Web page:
Responsive Classrooms

Responsive Classrooms

Creating Culturally Responsive, Inclusive Classrooms (Montgomery, 2008): A link to the full article is available here.

Having a culturally inclusive classroom is important anywhere in the world. Students need to feel like they belong and are at ease in the classroom to be able to function and learn within it. Isolating students through insensitive cultural practices or a lack of representation is detrimental to their emotional wellbeing, and their schooling outcomes.

In Australia, up to 40% of students have one parent born overseas and speak a language other than English at home. In all likelihood, there will be a large portion of students in our classes who need to be represented and taught with different, culturally sensitive techniques which are also beneficial for other students.

The article talks about reinforcing the fact that classrooms are culturally diverse, representing cultures in books and media, expanding knowledge of cultures, not making assumptions, open ended projects and questions, and conducting self-assessments are all parts of the techniques which are mentioned in the article to make our classrooms more accepting.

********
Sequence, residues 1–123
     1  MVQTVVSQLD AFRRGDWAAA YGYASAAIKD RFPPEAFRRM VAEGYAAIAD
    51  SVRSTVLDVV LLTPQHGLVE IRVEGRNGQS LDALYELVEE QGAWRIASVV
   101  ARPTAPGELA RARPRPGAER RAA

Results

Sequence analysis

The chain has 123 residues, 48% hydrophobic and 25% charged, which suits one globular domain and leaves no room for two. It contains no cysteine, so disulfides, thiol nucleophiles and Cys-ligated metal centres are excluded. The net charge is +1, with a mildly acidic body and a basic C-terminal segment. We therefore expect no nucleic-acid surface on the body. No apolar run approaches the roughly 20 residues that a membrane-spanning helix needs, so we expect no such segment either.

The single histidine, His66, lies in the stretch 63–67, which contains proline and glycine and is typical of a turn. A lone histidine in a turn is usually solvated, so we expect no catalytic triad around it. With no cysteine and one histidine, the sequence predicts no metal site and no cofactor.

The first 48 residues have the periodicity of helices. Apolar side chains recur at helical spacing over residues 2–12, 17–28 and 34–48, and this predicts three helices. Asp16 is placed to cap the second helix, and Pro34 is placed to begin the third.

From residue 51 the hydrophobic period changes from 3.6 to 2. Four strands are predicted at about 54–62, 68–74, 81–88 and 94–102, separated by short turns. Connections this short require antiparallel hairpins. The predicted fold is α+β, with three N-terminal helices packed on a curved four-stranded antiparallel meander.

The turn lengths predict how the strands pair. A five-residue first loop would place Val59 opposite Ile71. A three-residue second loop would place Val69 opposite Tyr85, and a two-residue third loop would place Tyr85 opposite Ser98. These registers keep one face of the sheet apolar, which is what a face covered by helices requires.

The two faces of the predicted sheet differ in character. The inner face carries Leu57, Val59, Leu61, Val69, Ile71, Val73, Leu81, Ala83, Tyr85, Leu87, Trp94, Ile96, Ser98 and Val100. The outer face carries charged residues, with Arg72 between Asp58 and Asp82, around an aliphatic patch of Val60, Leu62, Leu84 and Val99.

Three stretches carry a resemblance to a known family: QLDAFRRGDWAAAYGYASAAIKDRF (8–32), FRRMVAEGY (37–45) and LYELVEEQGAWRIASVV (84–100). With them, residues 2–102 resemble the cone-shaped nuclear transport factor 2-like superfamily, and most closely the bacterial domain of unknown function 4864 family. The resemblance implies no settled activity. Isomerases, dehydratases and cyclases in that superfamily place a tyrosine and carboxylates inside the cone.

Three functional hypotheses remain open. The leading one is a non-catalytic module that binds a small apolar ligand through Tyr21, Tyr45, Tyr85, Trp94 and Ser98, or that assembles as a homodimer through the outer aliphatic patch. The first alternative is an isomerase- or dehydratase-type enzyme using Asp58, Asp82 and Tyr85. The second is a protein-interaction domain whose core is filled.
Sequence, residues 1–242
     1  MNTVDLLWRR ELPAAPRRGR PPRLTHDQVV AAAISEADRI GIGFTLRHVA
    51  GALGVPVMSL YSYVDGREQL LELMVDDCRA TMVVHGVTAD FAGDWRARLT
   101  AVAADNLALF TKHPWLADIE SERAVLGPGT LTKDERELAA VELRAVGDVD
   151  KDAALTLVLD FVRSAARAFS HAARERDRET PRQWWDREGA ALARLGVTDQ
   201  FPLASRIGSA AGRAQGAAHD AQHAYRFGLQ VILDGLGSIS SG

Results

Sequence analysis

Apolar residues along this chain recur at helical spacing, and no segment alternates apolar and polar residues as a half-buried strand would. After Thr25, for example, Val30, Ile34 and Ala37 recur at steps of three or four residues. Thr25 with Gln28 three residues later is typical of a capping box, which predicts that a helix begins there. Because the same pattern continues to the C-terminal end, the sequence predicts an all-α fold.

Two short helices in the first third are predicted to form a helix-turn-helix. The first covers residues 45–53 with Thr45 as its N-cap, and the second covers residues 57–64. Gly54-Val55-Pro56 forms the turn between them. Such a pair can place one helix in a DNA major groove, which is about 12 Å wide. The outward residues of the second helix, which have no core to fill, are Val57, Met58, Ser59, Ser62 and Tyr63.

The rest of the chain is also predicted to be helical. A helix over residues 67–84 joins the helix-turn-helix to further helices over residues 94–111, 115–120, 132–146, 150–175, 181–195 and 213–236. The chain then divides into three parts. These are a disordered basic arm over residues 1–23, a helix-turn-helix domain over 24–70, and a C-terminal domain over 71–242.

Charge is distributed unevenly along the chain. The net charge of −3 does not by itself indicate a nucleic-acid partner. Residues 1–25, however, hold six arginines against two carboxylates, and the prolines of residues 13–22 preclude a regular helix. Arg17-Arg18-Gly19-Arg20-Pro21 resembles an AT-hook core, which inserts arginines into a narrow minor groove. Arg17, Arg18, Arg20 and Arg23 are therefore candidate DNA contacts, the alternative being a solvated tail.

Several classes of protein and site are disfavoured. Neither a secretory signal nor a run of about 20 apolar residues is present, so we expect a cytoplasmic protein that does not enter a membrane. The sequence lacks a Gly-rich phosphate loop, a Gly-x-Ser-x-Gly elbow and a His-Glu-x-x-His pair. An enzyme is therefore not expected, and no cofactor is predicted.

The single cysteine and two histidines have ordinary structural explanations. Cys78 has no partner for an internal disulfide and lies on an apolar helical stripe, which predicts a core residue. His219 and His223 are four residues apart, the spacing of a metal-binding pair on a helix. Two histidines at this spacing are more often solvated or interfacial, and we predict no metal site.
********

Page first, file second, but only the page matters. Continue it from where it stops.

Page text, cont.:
While these teaching techniques benefit culturally diverse students, all students gain beneficial interpersonal and social skills through these interactions and methods for creating a more inclusive classroom.

Differentiating the curriculum for teaching practices often conjures images of teachers spending time with individual students, and giving them work so that they can improve their weaknesses. Often, teachers do this for students who struggle academically – but what about differentiation in cultural practices? Does a teacher teach differently according to their audience?

As teachers, it is important to ask ourselves whether the content we are about to present is hostile or inappropriate for certain students in our class. Is it a good idea to show a film about refugees to a classroom full of students who may have experienced similar experiences to the ones in the hypothetical film?

As teachers we need to ask ourselves whether this content can elicit unwanted reactions from our students, and whether what is being presented is entirely true. If not, teachers may be doing more harm than good.

What are some of your techniques for classroom differentiation? Leave your comments below.

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